It’s easy to get into a rut with your daily dog-walking routine. Pets and owners need the daily exercise, but nothing spells b-o-r-i-n-g more than walking the same hot city streets with your pooch day after day. Put a smile on both of your faces by discovering new, unexplored walking trails. Pets can chase butterflies, dash and dive into bushes and let off some steam during these bonding excursions. Whether you want a short walk or an all-day outing, the Philadelphia area has just the right walking trail to keep you and your canine content.

Schuylkill River Trail
40 College Drive
Pottstown, PA 19464
(484) 945-0200

Philadelphia’s most popular trail follows the Schuylkill River from Center City to Oaks for approximately 27 miles, eventually connecting to Valley Forge, where additional trails spider off. Terrain varies along the route, but it’s mostly flat and practically all paved. An eight-mile stretch, referred to as “the loop,” begins and ends behind the Philadelphia Museum of Art, winds along both banks of the river and crosses the East Falls Bridge. It’s a Philadelphia ordinance that pets be on leashes, but exercise additional caution when walking Fido on this trail, as it can get crowded with children, cyclists and joggers, especially on weekends.

Related: Benefits Of Dog Ownership

Pennypack Park Trail
8500 Pine Road
Philadelphia, PA 19111

Pennypack Trail features an almost 2.5-mile rail-trail that connects to the main, double-wide, 10-mile paved path along Pennypack Creek. You and your canine companion can take this route all the way to the Delaware River waterfront. An additional pet-friendly, single-wide trail veers off into twisty paths that meander through rolling hills, woodlands and meadows. Both trails are a scenic delight, but beware — the single-wide trail can get confusing.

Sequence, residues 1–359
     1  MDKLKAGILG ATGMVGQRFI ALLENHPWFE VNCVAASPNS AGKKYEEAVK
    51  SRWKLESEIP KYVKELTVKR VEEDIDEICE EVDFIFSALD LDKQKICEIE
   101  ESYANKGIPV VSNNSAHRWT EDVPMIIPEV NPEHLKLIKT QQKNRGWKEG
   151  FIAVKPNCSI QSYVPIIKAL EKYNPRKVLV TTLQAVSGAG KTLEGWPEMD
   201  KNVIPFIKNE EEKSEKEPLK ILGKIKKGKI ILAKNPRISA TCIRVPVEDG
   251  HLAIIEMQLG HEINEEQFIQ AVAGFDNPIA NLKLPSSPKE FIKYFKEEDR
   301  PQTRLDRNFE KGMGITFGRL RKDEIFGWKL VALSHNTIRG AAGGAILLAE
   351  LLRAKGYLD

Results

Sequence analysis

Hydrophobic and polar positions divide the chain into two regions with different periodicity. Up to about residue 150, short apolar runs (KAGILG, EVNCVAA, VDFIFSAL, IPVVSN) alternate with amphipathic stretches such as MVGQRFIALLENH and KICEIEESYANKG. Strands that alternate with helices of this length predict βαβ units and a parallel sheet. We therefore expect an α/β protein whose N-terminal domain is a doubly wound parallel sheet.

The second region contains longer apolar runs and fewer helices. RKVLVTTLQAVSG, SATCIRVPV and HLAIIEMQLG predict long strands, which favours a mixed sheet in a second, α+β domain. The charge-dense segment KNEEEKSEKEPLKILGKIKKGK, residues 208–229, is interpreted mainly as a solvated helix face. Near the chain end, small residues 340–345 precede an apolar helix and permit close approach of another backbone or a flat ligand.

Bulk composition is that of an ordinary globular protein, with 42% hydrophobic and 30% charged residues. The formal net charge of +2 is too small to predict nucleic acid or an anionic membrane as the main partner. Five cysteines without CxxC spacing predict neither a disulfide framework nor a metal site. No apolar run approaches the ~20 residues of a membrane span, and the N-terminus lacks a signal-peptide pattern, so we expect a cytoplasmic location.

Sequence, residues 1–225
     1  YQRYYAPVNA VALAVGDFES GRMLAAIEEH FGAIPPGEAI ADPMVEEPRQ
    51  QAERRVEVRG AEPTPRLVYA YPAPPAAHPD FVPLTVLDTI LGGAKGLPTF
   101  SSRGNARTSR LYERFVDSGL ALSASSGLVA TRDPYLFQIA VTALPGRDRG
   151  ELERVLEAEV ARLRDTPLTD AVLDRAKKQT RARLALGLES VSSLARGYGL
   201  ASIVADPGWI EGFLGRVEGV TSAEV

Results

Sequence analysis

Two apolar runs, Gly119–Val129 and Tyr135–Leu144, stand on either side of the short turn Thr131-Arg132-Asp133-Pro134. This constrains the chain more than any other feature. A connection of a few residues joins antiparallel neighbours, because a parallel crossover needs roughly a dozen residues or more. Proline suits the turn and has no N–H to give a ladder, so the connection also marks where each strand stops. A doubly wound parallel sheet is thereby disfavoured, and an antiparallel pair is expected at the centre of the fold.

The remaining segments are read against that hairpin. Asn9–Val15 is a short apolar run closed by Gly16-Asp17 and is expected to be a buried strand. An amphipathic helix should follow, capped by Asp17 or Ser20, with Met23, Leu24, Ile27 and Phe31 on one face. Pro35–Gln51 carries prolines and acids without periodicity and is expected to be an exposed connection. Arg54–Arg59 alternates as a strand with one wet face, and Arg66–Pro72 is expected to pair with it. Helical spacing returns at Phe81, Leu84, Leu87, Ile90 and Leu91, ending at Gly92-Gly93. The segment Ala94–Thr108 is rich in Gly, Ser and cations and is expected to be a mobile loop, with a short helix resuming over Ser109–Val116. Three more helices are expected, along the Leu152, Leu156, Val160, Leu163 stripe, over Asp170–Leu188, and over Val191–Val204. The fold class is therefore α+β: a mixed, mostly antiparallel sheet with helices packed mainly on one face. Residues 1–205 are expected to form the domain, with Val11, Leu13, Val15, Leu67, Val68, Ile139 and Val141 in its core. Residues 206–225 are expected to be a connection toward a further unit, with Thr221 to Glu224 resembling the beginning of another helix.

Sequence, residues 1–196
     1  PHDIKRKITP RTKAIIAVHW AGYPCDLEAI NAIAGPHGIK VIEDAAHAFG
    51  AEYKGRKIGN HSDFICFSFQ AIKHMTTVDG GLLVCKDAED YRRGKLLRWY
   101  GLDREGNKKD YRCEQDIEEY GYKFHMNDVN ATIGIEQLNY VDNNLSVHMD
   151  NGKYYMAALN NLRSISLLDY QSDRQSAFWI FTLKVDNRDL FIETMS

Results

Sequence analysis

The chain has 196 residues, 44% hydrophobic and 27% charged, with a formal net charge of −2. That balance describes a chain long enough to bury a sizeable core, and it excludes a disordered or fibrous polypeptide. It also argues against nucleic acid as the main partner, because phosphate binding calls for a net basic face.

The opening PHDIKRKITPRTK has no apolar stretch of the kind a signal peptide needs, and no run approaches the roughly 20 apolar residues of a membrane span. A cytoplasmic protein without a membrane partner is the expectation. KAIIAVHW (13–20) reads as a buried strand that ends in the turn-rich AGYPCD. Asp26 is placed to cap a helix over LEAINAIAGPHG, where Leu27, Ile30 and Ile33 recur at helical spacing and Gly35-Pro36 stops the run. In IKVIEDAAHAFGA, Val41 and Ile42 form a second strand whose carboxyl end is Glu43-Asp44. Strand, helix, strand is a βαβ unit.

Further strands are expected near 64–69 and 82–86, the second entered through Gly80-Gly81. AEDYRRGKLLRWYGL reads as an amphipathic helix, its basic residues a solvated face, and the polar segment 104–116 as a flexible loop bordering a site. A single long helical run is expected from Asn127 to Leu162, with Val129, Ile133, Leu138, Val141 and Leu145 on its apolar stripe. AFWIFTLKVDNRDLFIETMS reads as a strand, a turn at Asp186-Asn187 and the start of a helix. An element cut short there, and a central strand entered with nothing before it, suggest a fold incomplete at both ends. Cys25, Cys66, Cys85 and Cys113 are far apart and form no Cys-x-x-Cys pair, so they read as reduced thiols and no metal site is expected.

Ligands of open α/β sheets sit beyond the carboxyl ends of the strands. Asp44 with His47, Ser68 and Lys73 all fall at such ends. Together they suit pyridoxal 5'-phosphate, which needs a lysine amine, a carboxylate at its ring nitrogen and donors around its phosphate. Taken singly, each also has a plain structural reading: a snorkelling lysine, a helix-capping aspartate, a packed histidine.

Related: Summer Safety Tips For Your Dog

Forbidden Trail
Wissahickon Valley Park
8708 Germantown Ave.
Philadelphia, PA 19118
(215) 247-0417

Wissahickon Valley Park Trail, the spine of the huge park’s trail network otherwise known as Forbidden Drive, follows a sinuous creek that flows through the entire length of the park. While Forbidden Drive has a menacing moniker, it’s a safe and scenic seven-mile piece of heaven for man and beast alike. So named in the 1920s because cars were banned from using it, the asphalt and gravel trail is today open to cyclists, pedestrians, equestrians and and four-legged friends. Access is available at Ridge Avenue and Valley Green Inn, among other points. For the protection of bike and horse riders, just be sure to walk your pooch on a leash.

Harford Park

260 Gulph Creek Road
Wayne, PA
(610) 688-5600

Harford Park in Wayne features a spacious, designated off-leash park area just for canines. Stop and socialize a while, then let your pooch run around the park’s wide open fields before taking the short, wooded nature trail. Both man and beast will enjoy the beautiful foliage and the sound of birds chirping in the trees. As a post-walk cool down, allow your frisky friend to dash down the embankment for a playful splash in the creek.

Lloyd Park
703 N. Lloyd Ave.
Downingtown, PA 19335
(610) 384-0600

Thirty-acre Lloyd Park in Downingtown not only gets get fours paws up for its doggy area and large canine swimming creek, but also for its interesting trail. Stop at the park entrance for dog dropping bags, then head for an adventure. A natural wall of golden forsythia fences the dog park from the people area, where a trail head begins leading to old abandoned barns. You can walk your furry friend unleashed, allowing Fido plenty of investigative sniffing time at the derelict structures. After the invigorating walk, reward your canine with a cool dip in the creek and a little playtime with bow-wow buddies.

Susan DeFeo has been a professional writer since 1997. She served as a community events columnist for New Jersey’s “Cape May County Herald” for more than a decade. A writer for numerous online publications, Susan has covered health, fitness, beauty and travel, all subjects that are near and dear to her as a married mother of seven children. Her work can be found at